Our greatest scientists have gather together and created a wondrous machine whereby we may read words without having them printed on paper! Like magic, these words are projected outward from bright, shining surfaces filled with light! It is truly awe-inspiring, this age in which we live.

I have no idea why you're hung up on this, but you're starting to sound really silly. Some people like paper. They like it so much they'll pay for books. Books are cheaper than ereaders. What's the issue?

And is ok with you if third world countries use paper, as it may be a easier and more convenient medium for countries with no or low quality infrastructure?
posted by nomadicink at 9:07 AM on August 23, 2010 [3 favorites]


Justinian: I assume you feel the same way about music, art, film, and food as well? After all, it would be a lot more environmentally friendly if everyone ate the equivalent of Monkey Chow all the time.

I'm not sure that would work out so well…
posted by paisley henosis at 9:11 AM on August 23, 2010


koeselitz: "I bring you great tidings. Our greatest scientists have gather together and created a wondrous machine whereby we may read words without having them printed on paper! Like magic, these words are projected outward from bright, shining surfaces filled with light! It is truly awe-inspiring, this age in which we live."

I can't afford one. And I like paper books. But thanks for all the condescension, I was almost out.
posted by Splunge at 9:34 AM on August 23, 2010 [5 favorites]


I enjoyed the serial comma in: Some Little, Brown editors worried that other books were suffering as a result.

A friend who was published by LB once nearly sent a very wrong message by venting about "these damn Little, Brown people" at a crowded event.
posted by Lentrohamsanin at 9:37 AM on August 23, 2010


People don't seem to have noticed that we live in an age when every single one of us can read books without having to use a single square inch of paper. No snobbiness involved whatsoever.

I belong to an online group of writers looking for agents and we know that, unless we're writing for the YA market, we're properly fucked for a few years, cause for new writers mostly only YA sells. (And I dunno the numbers, but "mostly" is a real high percentage, like, jaw-dropping).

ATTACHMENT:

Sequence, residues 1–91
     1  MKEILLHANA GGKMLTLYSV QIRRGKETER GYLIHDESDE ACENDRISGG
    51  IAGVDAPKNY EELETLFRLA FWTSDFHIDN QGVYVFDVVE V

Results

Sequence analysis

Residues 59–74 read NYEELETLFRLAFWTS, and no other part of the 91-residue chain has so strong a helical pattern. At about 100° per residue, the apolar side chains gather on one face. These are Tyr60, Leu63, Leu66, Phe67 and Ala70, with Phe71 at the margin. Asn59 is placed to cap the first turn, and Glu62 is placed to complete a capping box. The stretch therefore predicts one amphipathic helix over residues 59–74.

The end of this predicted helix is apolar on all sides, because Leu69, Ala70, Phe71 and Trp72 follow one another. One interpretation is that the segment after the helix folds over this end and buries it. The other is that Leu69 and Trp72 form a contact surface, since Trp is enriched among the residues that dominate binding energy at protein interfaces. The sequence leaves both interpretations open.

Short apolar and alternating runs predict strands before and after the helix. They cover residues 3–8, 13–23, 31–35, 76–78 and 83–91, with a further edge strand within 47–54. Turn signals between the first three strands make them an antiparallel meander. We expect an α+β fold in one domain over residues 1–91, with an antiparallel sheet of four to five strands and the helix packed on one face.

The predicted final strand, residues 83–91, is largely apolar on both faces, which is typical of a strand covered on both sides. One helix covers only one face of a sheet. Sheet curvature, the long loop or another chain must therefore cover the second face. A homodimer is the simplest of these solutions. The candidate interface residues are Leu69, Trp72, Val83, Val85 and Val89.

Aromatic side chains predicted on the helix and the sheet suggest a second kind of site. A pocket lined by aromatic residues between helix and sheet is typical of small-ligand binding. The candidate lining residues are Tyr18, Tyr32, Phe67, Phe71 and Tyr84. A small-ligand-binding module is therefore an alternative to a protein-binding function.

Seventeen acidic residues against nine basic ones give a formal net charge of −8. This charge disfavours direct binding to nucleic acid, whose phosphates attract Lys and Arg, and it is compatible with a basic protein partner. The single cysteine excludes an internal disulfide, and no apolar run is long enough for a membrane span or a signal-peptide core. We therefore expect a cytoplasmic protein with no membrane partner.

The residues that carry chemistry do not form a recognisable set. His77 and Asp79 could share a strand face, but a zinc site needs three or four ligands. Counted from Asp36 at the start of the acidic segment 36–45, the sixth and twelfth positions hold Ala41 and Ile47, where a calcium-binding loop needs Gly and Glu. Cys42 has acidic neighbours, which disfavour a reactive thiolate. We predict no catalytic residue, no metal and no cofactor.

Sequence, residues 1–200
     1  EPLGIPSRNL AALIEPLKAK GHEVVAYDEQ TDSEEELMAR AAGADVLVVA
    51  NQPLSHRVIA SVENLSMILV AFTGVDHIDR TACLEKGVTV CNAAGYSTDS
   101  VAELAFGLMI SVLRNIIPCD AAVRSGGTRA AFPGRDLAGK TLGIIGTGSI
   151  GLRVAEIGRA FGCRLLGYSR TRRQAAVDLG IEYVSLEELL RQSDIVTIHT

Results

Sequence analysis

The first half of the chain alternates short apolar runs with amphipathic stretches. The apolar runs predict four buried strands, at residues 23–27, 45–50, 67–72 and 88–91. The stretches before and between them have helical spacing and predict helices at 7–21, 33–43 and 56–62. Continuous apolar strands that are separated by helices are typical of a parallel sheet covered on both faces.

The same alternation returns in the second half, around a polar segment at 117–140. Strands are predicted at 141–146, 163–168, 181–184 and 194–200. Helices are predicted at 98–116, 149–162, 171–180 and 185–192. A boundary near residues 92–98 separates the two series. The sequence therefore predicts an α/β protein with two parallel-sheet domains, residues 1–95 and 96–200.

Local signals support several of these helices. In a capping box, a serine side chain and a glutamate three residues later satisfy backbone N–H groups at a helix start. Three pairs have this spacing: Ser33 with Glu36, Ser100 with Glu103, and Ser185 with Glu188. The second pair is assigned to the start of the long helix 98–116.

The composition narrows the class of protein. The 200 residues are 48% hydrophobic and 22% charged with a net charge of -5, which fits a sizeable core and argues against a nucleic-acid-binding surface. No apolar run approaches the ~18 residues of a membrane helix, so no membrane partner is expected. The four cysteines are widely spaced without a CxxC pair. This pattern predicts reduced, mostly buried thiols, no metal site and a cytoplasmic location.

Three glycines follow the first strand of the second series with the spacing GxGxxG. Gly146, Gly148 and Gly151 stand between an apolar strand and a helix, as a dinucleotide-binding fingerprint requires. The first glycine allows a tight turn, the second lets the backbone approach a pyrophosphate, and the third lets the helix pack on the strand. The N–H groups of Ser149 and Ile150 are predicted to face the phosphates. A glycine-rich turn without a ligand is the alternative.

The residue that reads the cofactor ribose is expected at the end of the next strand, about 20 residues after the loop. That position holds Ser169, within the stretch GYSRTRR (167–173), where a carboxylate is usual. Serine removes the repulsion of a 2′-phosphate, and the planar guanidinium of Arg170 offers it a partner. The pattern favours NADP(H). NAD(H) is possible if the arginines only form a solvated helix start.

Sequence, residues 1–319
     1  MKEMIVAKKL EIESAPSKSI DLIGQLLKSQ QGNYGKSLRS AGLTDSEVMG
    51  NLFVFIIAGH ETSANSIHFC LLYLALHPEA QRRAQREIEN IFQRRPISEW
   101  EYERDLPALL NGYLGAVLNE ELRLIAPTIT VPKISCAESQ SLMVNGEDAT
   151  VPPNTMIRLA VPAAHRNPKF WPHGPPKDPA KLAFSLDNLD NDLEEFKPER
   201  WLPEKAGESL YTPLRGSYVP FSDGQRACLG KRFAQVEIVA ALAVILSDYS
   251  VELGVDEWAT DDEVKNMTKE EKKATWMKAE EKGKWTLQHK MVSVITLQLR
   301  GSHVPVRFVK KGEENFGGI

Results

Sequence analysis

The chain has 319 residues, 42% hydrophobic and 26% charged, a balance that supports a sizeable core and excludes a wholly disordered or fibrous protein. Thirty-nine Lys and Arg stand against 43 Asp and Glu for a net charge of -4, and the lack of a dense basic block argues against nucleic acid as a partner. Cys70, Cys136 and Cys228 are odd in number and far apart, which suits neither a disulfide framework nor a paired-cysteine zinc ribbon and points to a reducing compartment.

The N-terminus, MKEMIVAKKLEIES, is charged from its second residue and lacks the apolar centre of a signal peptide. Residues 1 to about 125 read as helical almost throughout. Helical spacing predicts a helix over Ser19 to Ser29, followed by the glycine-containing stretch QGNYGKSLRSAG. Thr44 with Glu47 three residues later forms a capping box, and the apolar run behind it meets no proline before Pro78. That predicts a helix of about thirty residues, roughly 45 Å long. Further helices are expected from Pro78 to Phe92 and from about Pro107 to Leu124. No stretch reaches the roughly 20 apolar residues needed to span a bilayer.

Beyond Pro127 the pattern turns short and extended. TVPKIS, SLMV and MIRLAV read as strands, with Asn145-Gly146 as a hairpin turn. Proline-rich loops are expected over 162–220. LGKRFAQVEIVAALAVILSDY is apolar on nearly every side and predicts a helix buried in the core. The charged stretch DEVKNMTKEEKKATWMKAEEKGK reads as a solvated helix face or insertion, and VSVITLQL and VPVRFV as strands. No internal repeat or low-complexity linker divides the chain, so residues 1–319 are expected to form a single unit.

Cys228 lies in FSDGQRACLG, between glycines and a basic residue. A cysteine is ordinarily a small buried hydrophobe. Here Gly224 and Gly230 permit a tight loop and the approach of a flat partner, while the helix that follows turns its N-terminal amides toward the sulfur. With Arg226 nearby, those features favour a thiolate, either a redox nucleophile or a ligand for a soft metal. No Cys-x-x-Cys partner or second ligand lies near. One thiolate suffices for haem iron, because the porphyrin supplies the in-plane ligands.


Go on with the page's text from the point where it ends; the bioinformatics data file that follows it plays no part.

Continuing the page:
Why only fucked for a few years? According to some of the wiser minds of the group, the almighty ebook.

And because this group of writers is so rah-rah that I can't even believe they're fucking writers, I mean where's all the self-torture and feeling embittered? They're all, 'yay, ebook.'

Look. My parents MIGHT have bought me an ebook reader if it came down to $50. But probably not, because they were thrifty (not poverty; we were middle class)

I want to save the trees, but, as I told my writers group, if ebooks mean that fewer poor kids read, I want to murder the concept of ebooks in the face.

There is a huge fucking digital divide. So what the fucking fuck.
posted by angrycat at 9:38 AM on August 23, 2010


What is the antonynm to a luddite? Is there even one? Can we call it koeslitz? :)

It's so weird to read "Enough books have been printed. Stop making new ones" -- is it truly just a gut feeling that you don't think trees deserve to be books that drives you? Because yes, there is new technology, but we still aren't at that place where everyone has an e-reader -- and even then, wouldn't the consumption of all that electricity and manufacturing etc have some other global impact?

If it is not in fact the trees, then what? I can't understand "Make no new works - there are lot of works already."

I'm disappointed the article didn't label him a "high concept" book writer.
posted by cavalier at 10:05 AM on August 23, 2010


"There is absolutely no difference in sleaziness between the publishing industry and the fast food industry. Well, there's one difference; the fast food industry isn't quite so monumentally wasteful."

Come on. Seriously?

The publishing industry isn't directly responsible for, but certainly has a big hand in knowledge creation and dissemination. Publishing has plenty of excesses and waste, but the fast food industry doesn't have a single thing like knowledge dissemination that it can even aspire to, let alone actually achieve. Oh, AND the fast food industry wastes tons of paper wrapping it's artery clogging sandwiches. There are plenty of valid criticisms of the publishing industry, but that's just ridiculous. All IMHO, of course.
posted by HighTechUnderpants at 10:10 AM on August 23, 2010


Now if we could just get Thomas Kincaid to illustrate a James Patterson book...